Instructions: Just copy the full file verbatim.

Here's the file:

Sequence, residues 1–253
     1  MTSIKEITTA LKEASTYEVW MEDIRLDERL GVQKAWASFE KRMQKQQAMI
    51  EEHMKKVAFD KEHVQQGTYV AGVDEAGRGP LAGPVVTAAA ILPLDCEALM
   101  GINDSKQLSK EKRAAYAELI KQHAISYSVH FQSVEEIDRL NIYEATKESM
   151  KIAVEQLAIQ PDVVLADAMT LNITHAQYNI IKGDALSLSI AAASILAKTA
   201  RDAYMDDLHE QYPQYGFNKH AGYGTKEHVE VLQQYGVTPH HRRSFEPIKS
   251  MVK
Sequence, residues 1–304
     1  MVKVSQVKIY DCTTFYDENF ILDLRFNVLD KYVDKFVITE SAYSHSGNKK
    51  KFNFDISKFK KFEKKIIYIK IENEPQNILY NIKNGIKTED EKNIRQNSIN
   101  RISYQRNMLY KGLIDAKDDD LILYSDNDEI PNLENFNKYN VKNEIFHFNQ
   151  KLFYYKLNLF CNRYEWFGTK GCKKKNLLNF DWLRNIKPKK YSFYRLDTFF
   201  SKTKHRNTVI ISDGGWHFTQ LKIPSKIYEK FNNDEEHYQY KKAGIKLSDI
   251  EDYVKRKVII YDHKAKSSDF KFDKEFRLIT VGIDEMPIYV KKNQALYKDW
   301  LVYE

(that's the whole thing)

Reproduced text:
Sequence, residues 1–253
     1  MTSIKEITTA LKEASTYEVW MEDIRLDERL GVQKAWASFE KRMQKQQAMI
    51  EEHMKKVAFD KEHVQQGTYV AGVDEAGRGP LAGPVVTAAA ILPLDCEALM
   101  GINDSKQLSK EKRAAYAELI KQHAISYSVH FQSVEEIDRL NIYEATKESM
   151  KIAVEQLAIQ PDVVLADAMT LNITHAQYNI IKGDALSLSI AAASILAKTA
   201  RDAYMDDLHE QYPQYGFNKH AGYGTKEHVE VLQQYGVTPH HRRSFEPIKS
   251  MVK
Sequence, residues 1–304
     1  MVKVSQVKIY DCTTFYDENF ILDLRFNVLD KYVDKFVITE SAYSHSGNKK
    51  KFNFDISKFK KFEKKIIYIK IENEPQNILY NIKNGIKTED EKNIRQNSIN
   101  RISYQRNMLY KGLIDAKDDD LILYSDNDEI PNLENFNKYN VKNEIFHFNQ
   151  KLFYYKLNLF CNRYEWFGTK GCKKKNLLNF DWLRNIKPKK YSFYRLDTFF
   201  SKTKHRNTVI ISDGGWHFTQ LKIPSKIYEK FNNDEEHYQY KKAGIKLSDI
   251  EDYVKRKVII YDHKAKSSDF KFDKEFRLIT VGIDEMPIYV KKNQALYKDW
   301  LVYE